This assignment designed to give you the experience of investigating and recommending solutions to a business problem. Read the scenario (business problem) below and present solutions to managers within the client organisations. Write a clearly structured, well-argued and appropriately referenced report of 4000 words. You are expected to deal with complex issues faced by the owner, both systematically and creatively, make sound judgements in the absence of complete data, and communicate their conclusions clearly to specialist and non-specialist audiences.
In the heart of London’s city centre, the popular SpiceSky restaurant prides itself on the quality and range of its Indian food since 1988. The restaurant has been recording a yearly increase in sales since its grand opening more than two decades earlier. The restaurant owner Ali Mahal, nevertheless, has invited your company to offer solutions to a gradual decline in sales that has been recorded the last 12 months. More specifically, Ali explained that sales, which have grown every year since he opened the restaurant, have actually dropped over the last twelve months. Yet, London’s central restaurants, as well as the town’s city centre have continued to prosper.
Moreover, to get a full picture, you have decided to visit the restaurant and investigate first-hand the experience of dining in SpiceSky.
Day 1: Lunch Time
You have visited SpiceSky and found yourselves over a table with vegetable samosa, pakora, chicken spring rolls, lamp tikka, tandoori chicken, and two bottles of Hadia beer. One of your colleagues, passionate with cold beer, immediately states: this beer is lovely; I think Hadia is a rice beer isn’t it? Ali replied, “Ah, yes, it is created by mixing herbs with boiled rice and leaving the mixture to ferment for around a week. But, we had to remove that from our menu as we needed to reduce our costs. We serve instead English
beers. We save Hadia just for friends. Somehow, we had to reduce the costs and therefore we decided to remove some dishes and beverages.
After you finished with your dinner, you asked Ali explaining in more depth what he thinks has caused the sharp decline of sales.
Ali: Well, I have realized that all the downtown restaurants have dramatically increased their television advertising. “I’ve been using the same advertising for years: a few spots on local radio, an occasional newspaper spot, and a billboard on the main highway, 5 miles from the restaurant. When I see the fancy advertising run by my competitors, it is clear that I have an advertising problem. I want you to tell me what I can do to make my advertising more effective!” Once the interview is complete, you informed Ali that you will go back and prepare a proposal that will describe how he may be able to help SpiceSky get back on track.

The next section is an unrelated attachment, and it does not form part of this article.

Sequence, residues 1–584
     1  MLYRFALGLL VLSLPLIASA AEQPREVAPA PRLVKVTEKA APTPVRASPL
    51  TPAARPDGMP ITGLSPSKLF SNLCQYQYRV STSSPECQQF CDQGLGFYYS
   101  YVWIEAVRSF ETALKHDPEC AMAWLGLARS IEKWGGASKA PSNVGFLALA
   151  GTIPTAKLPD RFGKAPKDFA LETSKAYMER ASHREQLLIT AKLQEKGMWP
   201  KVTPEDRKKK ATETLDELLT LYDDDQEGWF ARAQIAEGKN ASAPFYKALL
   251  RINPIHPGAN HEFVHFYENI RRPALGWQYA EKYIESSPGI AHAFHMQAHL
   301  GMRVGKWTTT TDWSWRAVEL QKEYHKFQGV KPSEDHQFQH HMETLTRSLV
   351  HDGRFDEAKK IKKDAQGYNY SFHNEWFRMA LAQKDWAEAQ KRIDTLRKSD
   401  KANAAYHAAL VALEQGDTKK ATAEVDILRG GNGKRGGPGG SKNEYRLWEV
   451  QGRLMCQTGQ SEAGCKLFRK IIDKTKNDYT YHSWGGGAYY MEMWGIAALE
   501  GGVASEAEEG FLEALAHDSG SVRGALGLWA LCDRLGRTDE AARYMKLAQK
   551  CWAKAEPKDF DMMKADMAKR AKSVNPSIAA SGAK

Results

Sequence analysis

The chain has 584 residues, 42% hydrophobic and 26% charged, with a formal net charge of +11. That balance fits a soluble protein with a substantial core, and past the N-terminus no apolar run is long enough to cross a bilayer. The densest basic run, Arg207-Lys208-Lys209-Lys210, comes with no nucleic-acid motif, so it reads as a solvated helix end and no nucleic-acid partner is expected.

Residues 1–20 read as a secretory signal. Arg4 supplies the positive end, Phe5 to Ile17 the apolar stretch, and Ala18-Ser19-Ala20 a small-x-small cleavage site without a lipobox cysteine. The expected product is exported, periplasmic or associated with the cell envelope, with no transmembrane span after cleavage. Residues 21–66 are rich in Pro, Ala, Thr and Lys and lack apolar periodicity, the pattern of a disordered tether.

Day 2: Later that day
Back in the office, you have started the examination of SpiceSky’s reports. You began studying the advertising of both SpiceSky and its competitors. At some point, you identified that that some of the neighborhood competitors, including a big chain Indian restaurants, have always had a large promotional budget, including television ads. The advertising deficit isn’t new. He tries to identify all the things that have changed since SpiceSky’s sales trends turned downward. Does Ali really have an advertising problem? Is it a problem with competitive positioning? Is it a problem with a change in the external operating environment? Has Ali just missed out on some growth opportunities? Then, just as hunger starts to set in, you remembered the vegetable samosa, pakora, lamp tikka, and tandoori chicken you had for lunch. Maybe your hunger has led to a discovery!
One of your colleagues calls Ali for a follow-up interview. The dialogue is the following:
Colleagues: Ali, as you suggested, the downward sales began twelve months ago. Aside from the advertising you mentioned earlier, what other changes have occurred inside of your business within the past year?
Ali: Just a few things. Although sales are down, our profits haven’t suffered very much. Since we
hired a cost comptroller just over a year ago. We have effectively managed our costs by changing suppliers and dropping some of the more costly items from our menu.
Colleague: Such as changing the rice beer?
Ali: ‘The Hadia that we served costs us almost 5 pounds per bottle. Customers don’t like to pay
more than 3 pounds per glass for a beer, so we were doing little more than breaking even on it. Besides, our competitors also serve English beers.
Colleague: Have you noticed changes in your customers?
Ali: Other than the fact that they are coining less often, no! They are the same faces that I have seen for years.
Colleague: Have the complaints or comments changed?
Ali: A few complained on removing an item or two from the menu. A couple about the Hadia change.
Colleague: Has there been a change in personnel?
Ali: Yes, we’ve had more than the usual share of turnover. I’ve turned over most personnel decisions to the controller. We’ve had trouble maintaining good kitchen help.
Colleague: Have you noticed any changes to the competitors that you have not already mentioned?
Ali: Most of the nearby places are doing the same things they have done for years. The chain Indian restaurants have the same promotions each year and their menu doesn’t change very much.